But, in fact, these, and many other leave to refer them to Shaw's “ His.
with a mixed party of French and as a hunting seat, several years ; where
the chace with all the enthusiasm and
natural charms around him) penged that
which opens in a truly Miltonic strain.”
“ Mr. Mundy was descended from an
part of this County, which formerly
since which, they of course being scarce
of all his pigeon- reprinted it, without the Author's con-
objection to baving it published, instead
the printer, very generously satisfied
him for the expence he had been at,
Bononiensis, Ruralium Commodorum I hope he will pardon the liberty taken,
Perill have the goodness to state,
dences of aucient apoals in the same scene on the road leading from them; their minds bave rather acted Llanrwst to Corwen, called Pont Llyn in unison with the mouldering EleDyffws, or Pont y Glynn (see our meuts of Fact, by yielding to the First Plate), about six miles from Triumph of Time. The arch of Titus, the latter place; it is noticed in the palace of Adrian, the Forum, and Evans's North Wales, p. 290, and by the Temple, alike declare how little Mr. Bingley, in his Tour, vol. Il. their modern possessors have regarded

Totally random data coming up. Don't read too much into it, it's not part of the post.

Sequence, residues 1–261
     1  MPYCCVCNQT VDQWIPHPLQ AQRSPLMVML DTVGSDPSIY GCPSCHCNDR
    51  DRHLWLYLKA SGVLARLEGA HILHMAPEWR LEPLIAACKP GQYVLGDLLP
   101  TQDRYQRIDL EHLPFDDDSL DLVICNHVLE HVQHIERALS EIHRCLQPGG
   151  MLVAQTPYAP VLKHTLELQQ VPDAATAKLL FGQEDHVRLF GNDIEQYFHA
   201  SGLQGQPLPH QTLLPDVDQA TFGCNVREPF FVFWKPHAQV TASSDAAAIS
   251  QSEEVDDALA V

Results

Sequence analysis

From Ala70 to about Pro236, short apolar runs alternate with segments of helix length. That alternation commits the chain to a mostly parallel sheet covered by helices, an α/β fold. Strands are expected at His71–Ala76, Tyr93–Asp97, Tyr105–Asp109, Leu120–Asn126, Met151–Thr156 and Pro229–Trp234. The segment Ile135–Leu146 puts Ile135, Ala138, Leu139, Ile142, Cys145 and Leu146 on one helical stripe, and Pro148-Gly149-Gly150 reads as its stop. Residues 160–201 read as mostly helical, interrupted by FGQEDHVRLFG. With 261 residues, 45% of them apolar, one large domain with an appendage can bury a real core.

their beauty or their value; and whatThe beauties of Poat y Glyon are ever may be the variety of their pro- i. of a softened kind, compared to the fessions in the admiration of their naked grandeur and sublimity of celebrated grandeur, they can have Pistyll Rhaidr; and the effect is not been actuated hy very little zeal for a little heightened to the Tourist by the Arts, and for the perpetuity of the desolation of the wild moors over Roman Architecture, while the best which, from Llanrwst, the road has of these remains are disfigured by conducted him, and the unexpected modern abutments and adjuncts of approach to the wooded vale of the the meanest dwellings and materials, Glyon.
and by the careless neglect of urob., Yours, &c.
J. B. K. served decay. Much of the mutilas
tions have been occasioned by the MODERN ROME.
rapacity or avarice of travellers to E have been solicitous to learn enrich their own collections, or those